Restoration of 93 Archaeology themed albumen photographs

Resilience: this is the magic word that pushes us to progress in our work at the Archaeological Museum of the University of Pavia; behind the scenes, behind closed doors.

The restorer, Chiara Argentino, has returned the 93 photographs which she has worked on.

These are large-format shots of archaeological sites taken for the elite tourism of the age. The images depict Egypt, Greece, Turkey, Lebanon, Italy and Israel and date back to the second half of the nineteenth century. Egg white was used for photographic printing process, hence the name ‘albumen’. We hope to make them available to the public soon; we are thinking of setting up an exhibition.

The restoration involved the following steps:

  • For the types of damage found on the photographs, an intervention was envisaged to secure and restore gaps both in the photograph and in the cardboard support;
  • Photographic documentation showing the stages before, during and after the intervention;
  • Dry cleaning of the cardboard support using a handmade duster with a soft-bristle flat brush; passage by tamponade of the smoke-off sponge rubber on the affected surfaces; passage for the more persistent dirt of the stadler rubber;
  • Dry cleaning of photographic film with an electrostatic kabuki brush and, where appropriate, a soft silicone sponge was used;
  • Paper hygroscopicity test: negative;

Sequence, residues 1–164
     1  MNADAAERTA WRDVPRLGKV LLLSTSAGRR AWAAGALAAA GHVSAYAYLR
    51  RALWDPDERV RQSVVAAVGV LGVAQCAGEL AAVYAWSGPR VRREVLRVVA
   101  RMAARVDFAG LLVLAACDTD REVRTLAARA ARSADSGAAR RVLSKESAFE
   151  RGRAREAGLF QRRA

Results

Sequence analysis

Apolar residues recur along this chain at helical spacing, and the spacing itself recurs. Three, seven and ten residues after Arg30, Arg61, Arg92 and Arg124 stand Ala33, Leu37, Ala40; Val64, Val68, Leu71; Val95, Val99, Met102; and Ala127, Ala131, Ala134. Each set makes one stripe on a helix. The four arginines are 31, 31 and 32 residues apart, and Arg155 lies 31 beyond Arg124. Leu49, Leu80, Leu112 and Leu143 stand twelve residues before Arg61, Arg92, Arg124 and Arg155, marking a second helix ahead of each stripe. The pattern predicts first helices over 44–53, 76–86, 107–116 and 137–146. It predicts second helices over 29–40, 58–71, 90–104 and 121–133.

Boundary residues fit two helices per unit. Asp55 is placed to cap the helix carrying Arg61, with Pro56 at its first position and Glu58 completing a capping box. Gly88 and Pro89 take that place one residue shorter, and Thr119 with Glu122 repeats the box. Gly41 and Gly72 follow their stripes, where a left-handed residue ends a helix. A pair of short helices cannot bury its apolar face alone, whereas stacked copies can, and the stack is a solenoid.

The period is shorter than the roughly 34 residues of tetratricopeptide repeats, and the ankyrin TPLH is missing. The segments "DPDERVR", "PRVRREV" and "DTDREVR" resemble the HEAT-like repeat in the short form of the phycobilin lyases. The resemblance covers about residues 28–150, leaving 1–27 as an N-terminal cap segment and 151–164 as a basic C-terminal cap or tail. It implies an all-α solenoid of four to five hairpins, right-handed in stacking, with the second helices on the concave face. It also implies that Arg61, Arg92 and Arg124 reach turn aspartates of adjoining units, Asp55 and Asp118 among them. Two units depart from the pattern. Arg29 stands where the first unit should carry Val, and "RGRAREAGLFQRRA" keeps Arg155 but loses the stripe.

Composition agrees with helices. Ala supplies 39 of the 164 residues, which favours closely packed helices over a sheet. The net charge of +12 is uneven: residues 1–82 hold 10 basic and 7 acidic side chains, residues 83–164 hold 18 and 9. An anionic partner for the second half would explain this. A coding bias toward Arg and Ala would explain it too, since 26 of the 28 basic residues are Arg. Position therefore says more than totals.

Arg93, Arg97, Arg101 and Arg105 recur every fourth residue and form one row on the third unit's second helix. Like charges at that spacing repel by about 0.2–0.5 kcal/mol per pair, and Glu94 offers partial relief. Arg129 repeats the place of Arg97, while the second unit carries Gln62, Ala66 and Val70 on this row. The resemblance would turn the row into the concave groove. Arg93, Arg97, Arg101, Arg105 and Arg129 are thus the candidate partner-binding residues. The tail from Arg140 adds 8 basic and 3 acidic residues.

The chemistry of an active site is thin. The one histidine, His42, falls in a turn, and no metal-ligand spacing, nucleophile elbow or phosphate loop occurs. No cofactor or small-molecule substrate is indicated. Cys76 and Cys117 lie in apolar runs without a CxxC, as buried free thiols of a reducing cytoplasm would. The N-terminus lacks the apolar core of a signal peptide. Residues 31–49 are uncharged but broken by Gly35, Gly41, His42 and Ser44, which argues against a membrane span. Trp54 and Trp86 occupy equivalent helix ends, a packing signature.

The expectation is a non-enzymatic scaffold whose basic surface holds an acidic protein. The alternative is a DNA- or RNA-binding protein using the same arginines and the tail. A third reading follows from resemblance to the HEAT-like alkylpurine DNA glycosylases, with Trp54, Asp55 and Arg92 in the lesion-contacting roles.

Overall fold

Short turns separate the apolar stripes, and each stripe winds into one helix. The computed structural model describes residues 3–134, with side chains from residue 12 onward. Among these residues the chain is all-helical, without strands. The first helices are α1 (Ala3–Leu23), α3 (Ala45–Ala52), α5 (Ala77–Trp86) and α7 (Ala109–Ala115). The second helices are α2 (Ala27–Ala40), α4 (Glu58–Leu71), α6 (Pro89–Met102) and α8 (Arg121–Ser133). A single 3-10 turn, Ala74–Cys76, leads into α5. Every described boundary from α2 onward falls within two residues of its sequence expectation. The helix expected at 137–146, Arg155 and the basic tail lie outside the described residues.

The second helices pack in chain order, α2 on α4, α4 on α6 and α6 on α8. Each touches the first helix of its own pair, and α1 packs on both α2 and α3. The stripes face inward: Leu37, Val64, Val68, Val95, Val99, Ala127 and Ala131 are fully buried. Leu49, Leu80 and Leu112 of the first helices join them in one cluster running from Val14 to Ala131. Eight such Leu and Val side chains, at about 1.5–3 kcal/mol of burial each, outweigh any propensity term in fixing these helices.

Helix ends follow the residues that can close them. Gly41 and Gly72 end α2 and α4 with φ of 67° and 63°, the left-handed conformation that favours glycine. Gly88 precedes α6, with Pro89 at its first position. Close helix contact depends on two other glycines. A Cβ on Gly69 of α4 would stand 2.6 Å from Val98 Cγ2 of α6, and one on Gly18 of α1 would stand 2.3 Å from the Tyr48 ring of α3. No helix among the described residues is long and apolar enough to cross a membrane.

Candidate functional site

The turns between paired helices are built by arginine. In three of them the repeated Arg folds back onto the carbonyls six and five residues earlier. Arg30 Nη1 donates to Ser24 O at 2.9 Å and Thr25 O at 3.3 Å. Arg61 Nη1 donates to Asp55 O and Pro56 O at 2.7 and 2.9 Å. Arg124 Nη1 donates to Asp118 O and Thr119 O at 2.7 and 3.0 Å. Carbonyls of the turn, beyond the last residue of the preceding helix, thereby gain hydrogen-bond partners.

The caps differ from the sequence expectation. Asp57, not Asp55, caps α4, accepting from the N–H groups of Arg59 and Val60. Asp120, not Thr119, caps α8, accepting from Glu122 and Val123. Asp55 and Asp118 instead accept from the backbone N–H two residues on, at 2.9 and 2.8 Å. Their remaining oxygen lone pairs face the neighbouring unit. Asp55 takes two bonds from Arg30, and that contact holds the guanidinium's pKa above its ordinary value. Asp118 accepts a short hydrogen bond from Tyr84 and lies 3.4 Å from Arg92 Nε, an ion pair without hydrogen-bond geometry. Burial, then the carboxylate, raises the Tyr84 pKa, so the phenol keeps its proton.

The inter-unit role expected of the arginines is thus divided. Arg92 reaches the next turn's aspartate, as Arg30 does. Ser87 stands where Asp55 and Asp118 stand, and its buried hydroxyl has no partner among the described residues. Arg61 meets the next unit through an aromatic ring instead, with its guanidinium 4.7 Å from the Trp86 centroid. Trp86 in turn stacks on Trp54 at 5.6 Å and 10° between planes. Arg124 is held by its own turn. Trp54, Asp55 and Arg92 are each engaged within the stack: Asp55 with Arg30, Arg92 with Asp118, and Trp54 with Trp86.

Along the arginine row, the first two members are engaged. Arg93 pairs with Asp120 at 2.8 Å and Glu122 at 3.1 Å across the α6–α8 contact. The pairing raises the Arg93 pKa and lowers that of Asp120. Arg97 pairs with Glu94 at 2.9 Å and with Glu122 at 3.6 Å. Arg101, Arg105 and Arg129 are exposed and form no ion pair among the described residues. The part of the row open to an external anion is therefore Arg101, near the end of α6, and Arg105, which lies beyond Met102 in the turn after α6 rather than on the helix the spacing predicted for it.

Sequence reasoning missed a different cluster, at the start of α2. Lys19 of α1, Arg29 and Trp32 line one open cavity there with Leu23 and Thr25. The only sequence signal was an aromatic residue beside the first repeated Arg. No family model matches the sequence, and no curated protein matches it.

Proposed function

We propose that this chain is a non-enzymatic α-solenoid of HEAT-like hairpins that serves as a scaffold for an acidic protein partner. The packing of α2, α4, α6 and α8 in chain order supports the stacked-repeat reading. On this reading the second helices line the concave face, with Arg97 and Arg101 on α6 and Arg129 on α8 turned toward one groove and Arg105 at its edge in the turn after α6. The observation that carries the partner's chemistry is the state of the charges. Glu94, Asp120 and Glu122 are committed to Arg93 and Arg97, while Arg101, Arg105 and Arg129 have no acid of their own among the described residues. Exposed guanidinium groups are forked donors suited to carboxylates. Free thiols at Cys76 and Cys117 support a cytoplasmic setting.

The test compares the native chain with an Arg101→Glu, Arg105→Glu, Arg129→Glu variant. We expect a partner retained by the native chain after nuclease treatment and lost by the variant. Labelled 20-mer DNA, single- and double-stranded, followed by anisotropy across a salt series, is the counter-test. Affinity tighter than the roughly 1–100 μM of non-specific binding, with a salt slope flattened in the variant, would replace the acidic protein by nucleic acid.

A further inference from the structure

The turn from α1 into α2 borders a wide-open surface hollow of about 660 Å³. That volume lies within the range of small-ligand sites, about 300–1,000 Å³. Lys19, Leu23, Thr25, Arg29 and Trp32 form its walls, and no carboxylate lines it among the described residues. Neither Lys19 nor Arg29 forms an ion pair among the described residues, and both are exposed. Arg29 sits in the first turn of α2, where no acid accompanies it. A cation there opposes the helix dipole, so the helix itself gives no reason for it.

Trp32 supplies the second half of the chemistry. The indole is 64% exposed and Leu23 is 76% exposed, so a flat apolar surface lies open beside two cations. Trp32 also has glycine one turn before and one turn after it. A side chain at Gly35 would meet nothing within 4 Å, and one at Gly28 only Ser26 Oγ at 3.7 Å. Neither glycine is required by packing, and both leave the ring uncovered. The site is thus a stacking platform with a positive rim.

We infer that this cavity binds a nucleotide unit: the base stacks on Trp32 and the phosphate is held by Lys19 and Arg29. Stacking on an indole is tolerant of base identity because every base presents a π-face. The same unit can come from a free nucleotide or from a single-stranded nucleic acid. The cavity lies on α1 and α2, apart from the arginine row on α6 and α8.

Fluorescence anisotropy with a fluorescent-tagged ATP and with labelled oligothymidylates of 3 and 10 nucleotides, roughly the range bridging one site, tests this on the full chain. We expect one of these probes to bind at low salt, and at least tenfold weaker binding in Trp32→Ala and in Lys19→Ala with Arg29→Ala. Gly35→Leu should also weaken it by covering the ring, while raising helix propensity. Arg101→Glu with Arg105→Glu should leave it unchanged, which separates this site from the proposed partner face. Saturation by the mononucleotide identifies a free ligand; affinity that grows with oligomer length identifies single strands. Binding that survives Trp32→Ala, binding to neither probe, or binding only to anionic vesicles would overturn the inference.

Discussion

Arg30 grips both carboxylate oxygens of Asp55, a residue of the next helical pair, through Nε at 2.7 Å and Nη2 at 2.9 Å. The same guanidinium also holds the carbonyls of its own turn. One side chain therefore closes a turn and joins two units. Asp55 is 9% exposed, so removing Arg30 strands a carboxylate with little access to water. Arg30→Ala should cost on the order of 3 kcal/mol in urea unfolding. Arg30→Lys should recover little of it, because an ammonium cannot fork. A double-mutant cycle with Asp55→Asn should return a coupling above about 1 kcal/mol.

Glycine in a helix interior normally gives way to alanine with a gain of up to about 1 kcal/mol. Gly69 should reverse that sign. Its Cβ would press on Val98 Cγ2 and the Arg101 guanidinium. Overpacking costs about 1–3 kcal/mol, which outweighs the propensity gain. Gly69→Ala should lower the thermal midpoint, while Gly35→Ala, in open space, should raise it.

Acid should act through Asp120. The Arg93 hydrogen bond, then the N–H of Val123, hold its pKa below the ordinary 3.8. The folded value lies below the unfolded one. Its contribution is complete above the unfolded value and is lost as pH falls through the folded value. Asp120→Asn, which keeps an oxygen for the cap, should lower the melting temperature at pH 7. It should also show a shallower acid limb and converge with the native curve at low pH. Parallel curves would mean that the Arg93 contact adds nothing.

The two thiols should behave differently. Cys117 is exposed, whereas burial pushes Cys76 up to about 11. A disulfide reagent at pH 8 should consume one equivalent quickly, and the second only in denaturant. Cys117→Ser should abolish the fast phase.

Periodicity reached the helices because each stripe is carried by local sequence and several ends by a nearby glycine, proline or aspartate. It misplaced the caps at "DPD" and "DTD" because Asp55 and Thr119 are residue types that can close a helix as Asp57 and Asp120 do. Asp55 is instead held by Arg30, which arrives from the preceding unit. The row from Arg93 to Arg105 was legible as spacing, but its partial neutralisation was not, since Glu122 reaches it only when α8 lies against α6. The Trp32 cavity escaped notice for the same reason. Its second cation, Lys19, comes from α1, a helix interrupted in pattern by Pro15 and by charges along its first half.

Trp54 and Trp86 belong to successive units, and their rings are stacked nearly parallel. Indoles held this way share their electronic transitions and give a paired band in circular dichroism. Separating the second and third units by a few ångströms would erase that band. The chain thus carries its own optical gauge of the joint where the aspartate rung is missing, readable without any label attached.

• PH test: from 3.2-5.9;
  • Pre-treatment of paper to be deacidified and smoothed with atomized microparticles of hydroalcoholic solution (10-90%);
  • Deacidification by nebulization of microparticles of calcium propionate at 10% in hydroalcoholic solution (10-90%);
  • PH verification test: 4-6.2;
  • Gradual levelling of the cardboard support with atomized microparticles of hydroalcoholic solution (30-70%), with subsequent pressure placed on the affected part, forming an ad-hoc sandwich composed of Remay, absorbent paper and cardboard suitable for conservation;
  • Where required, consolidation of the cardboard supporting structure with Japanese Shibori paper 632281, 29 g / m2 and Cerestar C * Film 05702 starch;
  • Chromatic adaptation of the interventions with Winsor & Newton® watercolours, where it was deemed necessary;
  • Creation of ad-hoc passepartout for optimal conditioning and vision of the albumins with PAT-certified materials suitable for conservation. (Acid-free cardboard pH 8.5-9.5; with alkaline reserve at 3% calcium carbonate, PAT, ISO Standard 18916 and Mylar mask)

Finally, special labels were stuck on the folders in which the albumins are stored: they allow us to immediately identify the content of the folders, thus making their consultation easier.

Albumen photograph: Greece, Athens, temple of Hephaestus, 5th century B.C.